Sarah Lee refused the offer from Sandberg to carry her camera. She had never allowed anyone to touch that camera. It wasn't because the camera was especially valuable. It probably had no value to anyone but her; still it was priceless to Sarah. You see that plain old wooden box camera had been built lovingly by her father. She could remember as a teenager watching him work on the camera.
Sarah's father was a photographer, not a woodworker, so it lacked the finesse of a cabinetmaker. The wood was scavenged from an antique table, so the pieces didn't match perfectly. In order to focus, the lens assembly slipped in an out like a spyglass. The lens was very old and from France. The shutter was a simple thing with only two speeds, I and B. I was for instant most likely about a 40th of a second. The B just opened the shutter and held it open until the photographer released the switch. Sarah's only repair had been to replace the squeeze bulb which tripped the shutter.
To control the light the front element of the lens could be removed. There were five disks with various size holes that could be inserted behind the front element. These fixed apertures were chosen for the amount of light that day. Sarah had a tiny light meter from the 1940s that she used to judge the light. She never told anyone about that. It was old but not old enough to be used in a civil war setting.
Sarah's father had bought that particular lens because the barrel was wide enough to throw light in what would be the equivalent to an f3.5 in today's terms. If there was no aperture installed it could be focused easily on the ground glass at the rear of the box. The aperture Sarah and her father had used for portraits was f64. It gave a good depth of field which allowed Sarah not spend much time focusing the camera. The wooden box had three viewfinders. Each was brass and set for a fixed distance. Sarah just chose the one closest to what she needed then slipped it into the brass holder.
The first thing Sarah did upon returning to her wagon was to replace the landscape viewfinder in the small velvet lined wooden box. Then she removed the f22 aperture ring for storage on the lower level of the same wooden box. Only then did she unpack the two film holders.
"So how many exposures did you fire?" Sandberg asked.
"Four," she replied simply.
"How the hell could you capture the battle with four shots," Sandberg asked. He obviously thought that he had answered it himself. It was a simple answer she couldn't have, he thought.
"How could you need more?" Sarah asked it with a smile. Unlike Sandberg she had been through the same discussion a hundred times. First with her father, at which time she held Sandberg's position, and afterwards with more all the time. Digital cameras had not only increased the number of photographers, it had increased the number of shots it took them to be satisfied that they had a good one. Their coverage was almost a movie, since the shots came so close together. No matter how well the digital cameras captured the scene and no matter how qualified the photographer, they always lacked something. THe something was the feel of the place and time. The digital image at a reenactment was as out of place as the sound of that siren wafting across the black powder fill air.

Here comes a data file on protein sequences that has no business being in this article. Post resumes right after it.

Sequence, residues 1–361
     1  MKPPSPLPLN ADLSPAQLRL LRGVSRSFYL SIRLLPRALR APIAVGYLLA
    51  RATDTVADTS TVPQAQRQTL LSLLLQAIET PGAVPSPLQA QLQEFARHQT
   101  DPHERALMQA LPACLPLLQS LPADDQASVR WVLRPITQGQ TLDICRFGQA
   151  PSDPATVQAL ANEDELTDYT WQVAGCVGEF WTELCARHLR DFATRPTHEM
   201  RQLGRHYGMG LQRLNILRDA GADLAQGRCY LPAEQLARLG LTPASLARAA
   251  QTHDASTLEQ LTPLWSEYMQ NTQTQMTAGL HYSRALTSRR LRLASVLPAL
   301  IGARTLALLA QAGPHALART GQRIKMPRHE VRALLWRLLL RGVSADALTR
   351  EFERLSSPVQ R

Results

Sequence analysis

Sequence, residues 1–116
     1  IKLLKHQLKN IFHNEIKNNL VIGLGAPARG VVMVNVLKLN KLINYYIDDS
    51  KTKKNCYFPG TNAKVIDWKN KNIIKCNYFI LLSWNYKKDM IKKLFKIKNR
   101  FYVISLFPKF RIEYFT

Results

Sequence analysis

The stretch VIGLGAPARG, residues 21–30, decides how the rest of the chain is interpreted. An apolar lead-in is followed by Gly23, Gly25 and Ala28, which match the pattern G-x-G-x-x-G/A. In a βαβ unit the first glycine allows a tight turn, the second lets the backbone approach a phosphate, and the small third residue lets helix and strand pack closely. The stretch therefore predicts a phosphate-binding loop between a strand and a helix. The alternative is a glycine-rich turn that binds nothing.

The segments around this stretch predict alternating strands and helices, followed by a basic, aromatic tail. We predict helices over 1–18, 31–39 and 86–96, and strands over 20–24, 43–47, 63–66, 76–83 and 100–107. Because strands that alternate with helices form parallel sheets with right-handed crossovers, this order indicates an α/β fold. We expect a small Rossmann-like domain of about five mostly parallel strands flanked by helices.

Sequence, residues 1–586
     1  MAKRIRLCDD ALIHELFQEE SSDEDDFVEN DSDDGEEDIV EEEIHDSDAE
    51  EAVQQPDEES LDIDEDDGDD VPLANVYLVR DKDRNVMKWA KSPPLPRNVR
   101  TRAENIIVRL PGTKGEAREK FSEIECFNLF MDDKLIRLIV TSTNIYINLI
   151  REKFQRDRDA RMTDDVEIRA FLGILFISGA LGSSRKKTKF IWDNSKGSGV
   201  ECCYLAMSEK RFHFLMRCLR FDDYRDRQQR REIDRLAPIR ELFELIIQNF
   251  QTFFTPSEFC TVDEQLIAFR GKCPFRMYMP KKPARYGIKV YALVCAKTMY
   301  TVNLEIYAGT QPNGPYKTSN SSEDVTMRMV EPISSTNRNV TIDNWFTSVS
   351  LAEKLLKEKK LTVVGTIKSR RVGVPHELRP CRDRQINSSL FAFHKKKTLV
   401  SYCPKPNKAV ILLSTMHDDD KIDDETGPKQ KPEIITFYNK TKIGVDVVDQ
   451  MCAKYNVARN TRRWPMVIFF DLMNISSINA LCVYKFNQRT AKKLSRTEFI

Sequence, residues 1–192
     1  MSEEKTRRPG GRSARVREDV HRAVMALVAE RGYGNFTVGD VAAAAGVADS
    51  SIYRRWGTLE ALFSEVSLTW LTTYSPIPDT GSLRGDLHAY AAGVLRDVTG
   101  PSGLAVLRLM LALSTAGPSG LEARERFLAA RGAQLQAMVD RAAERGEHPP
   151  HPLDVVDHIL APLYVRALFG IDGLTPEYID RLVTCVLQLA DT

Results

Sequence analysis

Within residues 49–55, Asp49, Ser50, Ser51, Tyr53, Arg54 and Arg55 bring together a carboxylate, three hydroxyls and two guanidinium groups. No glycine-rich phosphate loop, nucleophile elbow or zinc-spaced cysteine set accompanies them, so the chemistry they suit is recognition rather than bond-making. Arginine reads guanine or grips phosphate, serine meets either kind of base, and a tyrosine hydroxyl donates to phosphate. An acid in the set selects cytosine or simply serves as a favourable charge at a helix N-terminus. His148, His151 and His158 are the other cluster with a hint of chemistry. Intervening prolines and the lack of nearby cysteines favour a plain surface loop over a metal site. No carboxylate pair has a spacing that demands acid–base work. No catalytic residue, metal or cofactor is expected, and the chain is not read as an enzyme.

"Before we start with the who did what, I want to see your four cute little images." Sandberg was intentionally being an ass, but Sarah caught it and didn't rise to the bait. Instead she opened an old wooden steamer trunk circa 1900. From it she removed a black film-changing bag that resided atop her change of clothes. She closed the truck and latched it before she pushed it to the side. From what looked like an old wooden nail keg she removed a folded canvas water bag.
"Why don't you go fill this, the faucet is just about twenty yards in that direction?" Sarah said it while pointing toward the bathhouse.
By the time Berg returned she had the first negative loaded into the film tank made from a peanut butter jar. The canvas bag, which Berg lugged back to the wagon, held exactly three gallons of water.
"Now John, I am going to do my one frame to make sure I have something, then I'm going to wait till I get home to do the rest. I always process a negative from each shoot to make sure the camera is working so that I can make any adjustments for the next shoot, should I need to.
Sarah quickly mixed four ounces of developer.
"You can't fill the tank with a thimble full of chemicals."
"Your lack of photographic knowledge amazes me," Sarah said it with a fake look of disgust. She knew how little modern photographers knew of primitive techniques. She poured the four ounces of chemicals into the sixteen ounce jar then quickly turned it on its side. She also began rotating it. What she had done was to form a long thin puddle of chemicals on the side of the jar. As he rotated the jar, the chemicals covered the film. By rotating it before the film had time to dry it was back in the 'soup' again. "Actually I only need 2 oz but it is easier to make four," she said smugly.
"I'll believe it when I see it," Berg said it but he knew when he had been beaten. Sarah obviously knew more about his new profession than he did. Well more about the history and the old ways. He doubted that she could make all that primitive crap shoot a decent set of images of a road race or arena football game. He could shoot a battle with the digital camera and then go shoot a circus inside the tent an hour later. He doubted she could do that.
Sarah dumped, added and rotated more chemicals. Finally she declared it complete. She removed the lid to view a perfectly exposed and developed 4x5 negative. She ran some water over it quickly then showed it to John Sandberg.